November 24, 2008, 6:00 am

Dogs of the Dow; The End of A Great Investment Strategy?

by: The Financial Blogger    Category: Investment, Market and Risk,Trading
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Then I was in high school, I was working in a dollar store over the weekends. Day after day, I was watching kids buying different toys; during summer time, little boys were buying small guns and pool stuff. During winter time, everybody was looking after crazy carpets and parents were buying scarf (2 for 1,50$) since their kids were losing them on a weekly basis. Then came the Pokemons. At first, kids were coming every Tuesday (that was the day we used to receive our stock) and got in line to buy the new one.

Those small things were selling like crazy and they were so expensive, it was ridiculous (so the parents thought anyway!). After a while, we start selling them with a special price (2 for 1) and then, they were selling for almost nothing. Why was that? Everybody were selling them, kids had a handful of them and parents were getting pretty much pissed to spend $25 per week in pokemons 😉 When there is too many people engaged in something, it is often the beginning of the end…

This is what might happen with the Dogs of the Dow strategy. This passive investment strategy is based on buying the top 10 highest paying dividend stock of the Dow Jones. Every year, you do the same exercise and you sell those who didn’t make the cut to buy the new good dividend stocks.

The principle behind the Dogs of the Dow is to buy undervalued stocks (this is why they are paying such a high dividend yield) every year. On one side you are supposed to buy cheap stocks, on the other side, these same stocks are giving a really good dividend rate.

From 1975 to the year 2000, this strategy shows an investment return of 17.7% versus 15% for the Dow Jones index. This means that $10,000 invested following the dog of the Dow investment strategy in 1975 now worth 588K versus 329K if you have invested in the Dow Jones index. Quite a difference for a stupid rule, isn’t?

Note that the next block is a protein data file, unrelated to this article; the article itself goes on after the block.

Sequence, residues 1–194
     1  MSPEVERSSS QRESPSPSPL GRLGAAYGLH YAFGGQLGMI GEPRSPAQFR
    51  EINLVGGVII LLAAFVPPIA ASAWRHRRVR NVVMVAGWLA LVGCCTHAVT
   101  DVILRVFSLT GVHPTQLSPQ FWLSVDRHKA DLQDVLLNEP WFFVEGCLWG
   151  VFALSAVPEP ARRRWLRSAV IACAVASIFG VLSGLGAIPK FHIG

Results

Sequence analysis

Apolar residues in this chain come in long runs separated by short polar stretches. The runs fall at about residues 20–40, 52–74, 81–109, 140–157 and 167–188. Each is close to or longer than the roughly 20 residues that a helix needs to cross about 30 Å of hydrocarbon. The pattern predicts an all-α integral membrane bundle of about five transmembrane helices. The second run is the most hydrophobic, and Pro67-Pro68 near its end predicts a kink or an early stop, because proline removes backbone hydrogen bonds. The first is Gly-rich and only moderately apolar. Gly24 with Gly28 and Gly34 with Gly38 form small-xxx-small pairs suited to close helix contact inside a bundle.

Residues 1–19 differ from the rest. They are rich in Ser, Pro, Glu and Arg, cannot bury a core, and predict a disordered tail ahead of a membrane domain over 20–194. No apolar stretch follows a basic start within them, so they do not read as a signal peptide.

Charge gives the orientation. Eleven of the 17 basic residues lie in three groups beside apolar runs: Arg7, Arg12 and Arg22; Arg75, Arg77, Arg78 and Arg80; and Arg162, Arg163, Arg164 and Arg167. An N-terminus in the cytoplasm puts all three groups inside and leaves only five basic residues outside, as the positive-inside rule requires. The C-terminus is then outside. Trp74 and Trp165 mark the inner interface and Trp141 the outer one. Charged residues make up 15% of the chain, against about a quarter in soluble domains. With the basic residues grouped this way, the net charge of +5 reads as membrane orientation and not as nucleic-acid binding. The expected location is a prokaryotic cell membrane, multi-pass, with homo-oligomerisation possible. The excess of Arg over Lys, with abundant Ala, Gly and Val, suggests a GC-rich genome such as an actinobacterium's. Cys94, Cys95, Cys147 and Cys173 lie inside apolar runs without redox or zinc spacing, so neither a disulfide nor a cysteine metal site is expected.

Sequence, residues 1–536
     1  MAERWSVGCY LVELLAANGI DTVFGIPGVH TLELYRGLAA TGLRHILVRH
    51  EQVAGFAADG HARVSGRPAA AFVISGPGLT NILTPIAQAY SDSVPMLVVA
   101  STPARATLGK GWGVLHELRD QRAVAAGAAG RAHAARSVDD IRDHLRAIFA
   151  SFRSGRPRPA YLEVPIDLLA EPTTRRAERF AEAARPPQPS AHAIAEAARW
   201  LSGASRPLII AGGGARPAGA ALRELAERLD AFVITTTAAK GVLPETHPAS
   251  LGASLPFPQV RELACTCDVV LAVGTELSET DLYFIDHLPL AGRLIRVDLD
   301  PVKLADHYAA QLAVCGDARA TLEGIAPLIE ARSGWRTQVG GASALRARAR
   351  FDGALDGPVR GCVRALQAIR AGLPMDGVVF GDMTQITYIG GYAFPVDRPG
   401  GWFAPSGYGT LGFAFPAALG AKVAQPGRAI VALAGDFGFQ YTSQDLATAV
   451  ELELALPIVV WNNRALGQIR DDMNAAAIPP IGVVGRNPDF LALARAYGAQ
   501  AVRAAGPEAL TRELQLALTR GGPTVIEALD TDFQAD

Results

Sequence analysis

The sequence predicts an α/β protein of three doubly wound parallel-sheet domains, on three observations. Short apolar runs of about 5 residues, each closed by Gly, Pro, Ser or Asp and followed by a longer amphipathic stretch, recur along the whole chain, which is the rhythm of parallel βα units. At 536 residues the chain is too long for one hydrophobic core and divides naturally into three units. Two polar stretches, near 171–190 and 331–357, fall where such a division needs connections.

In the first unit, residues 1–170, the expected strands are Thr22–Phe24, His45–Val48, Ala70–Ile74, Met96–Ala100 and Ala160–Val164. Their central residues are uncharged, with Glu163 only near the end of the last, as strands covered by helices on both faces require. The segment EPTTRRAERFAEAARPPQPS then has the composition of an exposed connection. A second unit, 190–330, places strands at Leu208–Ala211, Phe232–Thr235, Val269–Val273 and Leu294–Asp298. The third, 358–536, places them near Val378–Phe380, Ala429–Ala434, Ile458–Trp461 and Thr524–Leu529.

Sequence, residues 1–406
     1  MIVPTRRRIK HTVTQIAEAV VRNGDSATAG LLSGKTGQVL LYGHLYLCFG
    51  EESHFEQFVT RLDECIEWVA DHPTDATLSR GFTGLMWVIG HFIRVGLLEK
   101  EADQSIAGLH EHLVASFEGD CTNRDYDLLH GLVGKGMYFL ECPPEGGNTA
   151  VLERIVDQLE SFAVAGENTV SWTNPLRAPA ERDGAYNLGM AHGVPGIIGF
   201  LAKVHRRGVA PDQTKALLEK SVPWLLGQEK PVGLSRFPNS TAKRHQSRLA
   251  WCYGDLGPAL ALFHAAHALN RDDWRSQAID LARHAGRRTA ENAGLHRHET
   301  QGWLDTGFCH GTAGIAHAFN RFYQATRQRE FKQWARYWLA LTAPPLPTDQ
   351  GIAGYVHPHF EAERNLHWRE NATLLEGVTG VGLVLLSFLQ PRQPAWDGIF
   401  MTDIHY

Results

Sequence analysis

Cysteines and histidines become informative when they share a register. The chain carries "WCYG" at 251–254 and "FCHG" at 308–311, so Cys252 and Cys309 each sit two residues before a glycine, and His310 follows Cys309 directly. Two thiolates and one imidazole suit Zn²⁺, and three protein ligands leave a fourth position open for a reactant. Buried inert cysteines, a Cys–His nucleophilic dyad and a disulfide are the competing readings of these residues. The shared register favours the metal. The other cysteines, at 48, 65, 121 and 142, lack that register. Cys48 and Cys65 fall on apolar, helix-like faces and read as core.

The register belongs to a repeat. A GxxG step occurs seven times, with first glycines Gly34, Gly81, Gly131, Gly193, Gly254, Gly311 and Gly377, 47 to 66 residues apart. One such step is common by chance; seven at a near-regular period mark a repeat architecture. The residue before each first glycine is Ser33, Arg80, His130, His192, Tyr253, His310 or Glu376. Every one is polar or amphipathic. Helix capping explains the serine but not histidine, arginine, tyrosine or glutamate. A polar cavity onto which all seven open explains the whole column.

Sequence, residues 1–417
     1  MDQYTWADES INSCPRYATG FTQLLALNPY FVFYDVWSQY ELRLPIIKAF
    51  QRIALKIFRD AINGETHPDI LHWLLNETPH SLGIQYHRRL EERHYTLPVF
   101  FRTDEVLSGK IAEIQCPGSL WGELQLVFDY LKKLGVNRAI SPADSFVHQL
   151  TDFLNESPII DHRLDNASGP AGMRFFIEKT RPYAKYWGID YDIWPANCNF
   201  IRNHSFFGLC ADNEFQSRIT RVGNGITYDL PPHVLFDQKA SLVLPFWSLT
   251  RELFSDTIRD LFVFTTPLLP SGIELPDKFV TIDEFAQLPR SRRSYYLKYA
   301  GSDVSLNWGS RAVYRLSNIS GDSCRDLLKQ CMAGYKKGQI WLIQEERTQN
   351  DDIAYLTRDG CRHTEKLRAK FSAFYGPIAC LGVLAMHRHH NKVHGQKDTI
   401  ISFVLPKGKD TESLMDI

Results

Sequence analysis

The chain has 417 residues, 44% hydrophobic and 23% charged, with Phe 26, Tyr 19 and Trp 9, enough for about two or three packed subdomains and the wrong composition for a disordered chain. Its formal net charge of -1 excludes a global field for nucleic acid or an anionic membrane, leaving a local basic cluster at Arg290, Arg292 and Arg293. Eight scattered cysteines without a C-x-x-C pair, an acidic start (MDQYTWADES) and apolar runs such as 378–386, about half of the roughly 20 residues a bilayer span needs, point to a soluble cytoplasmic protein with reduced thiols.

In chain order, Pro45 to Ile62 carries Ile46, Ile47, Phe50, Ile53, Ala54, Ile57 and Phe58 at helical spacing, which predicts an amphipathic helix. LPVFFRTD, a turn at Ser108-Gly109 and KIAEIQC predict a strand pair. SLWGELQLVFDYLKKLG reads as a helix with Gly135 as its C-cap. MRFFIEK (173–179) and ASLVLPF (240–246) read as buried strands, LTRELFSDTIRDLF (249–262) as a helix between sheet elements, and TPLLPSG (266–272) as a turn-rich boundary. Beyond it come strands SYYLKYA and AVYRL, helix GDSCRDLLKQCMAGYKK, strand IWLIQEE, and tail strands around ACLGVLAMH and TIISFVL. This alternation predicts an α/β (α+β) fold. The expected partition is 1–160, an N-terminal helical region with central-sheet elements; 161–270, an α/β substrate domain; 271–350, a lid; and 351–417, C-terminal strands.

However, the problem is that the rule is so simple to follow that anybody can do it. Therefore, people started investing following the dogs of the Dow strategy and massive cash flow were invested. Do you know what happen to an investment trick when everybody follows it? The trick gets so popular that it doesn’t work anymore as everybody is buying and selling the same stock at the same time. This means that you have to pay a higher price when you buy and get less money back from your sell.

For example, at the beginning of 2008, while the Dow Jones was dropping by 15%, the Dogs of the Dow dropped by 25%. Does the strategy will keep working in the future? Let just say that what was obvious 10 years ago is not so simple today!

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You can’t judge any strategy by one year.

So what if it underperformed the Dow this year? It probably underperformed during some of the years between 1975 – 2000, even though it won out over time.

Simple things like the “Dogs of the Dow” work because, even if they are simple to understand, human nature makes it very difficult to follow – because of the volatility.

What happens with the “Dogs of the Dow” is that someone writes a new article about it, it gets extra popular, money gets invested, then it underperforms a couple of years, a lot of the new investors bail out, and then it starts working again.

by: The Financial Blogger | November 24th, 2008 (6:55 pm)

You bring an interesting point. We should actually follow the strategy for a few years in a row.

However, when I look at hedge funds that should outperform during high volatility, they have been less profitable since there are more players on the same trend.

Thanks for the good read. I think that any investing strategy this simple must have a catch; wouldn’t everyone simply be putting money away via this technique and beating the market?
I really like the article and plan to do some more research on the topic. Thanks again

by: The Financial Blogger | November 25th, 2008 (6:54 am)


on the other side, there is a really simple way to make money with stocks: buy ETF or index funds on a monthly basis for 15-20 years. Do you know several people that do it?

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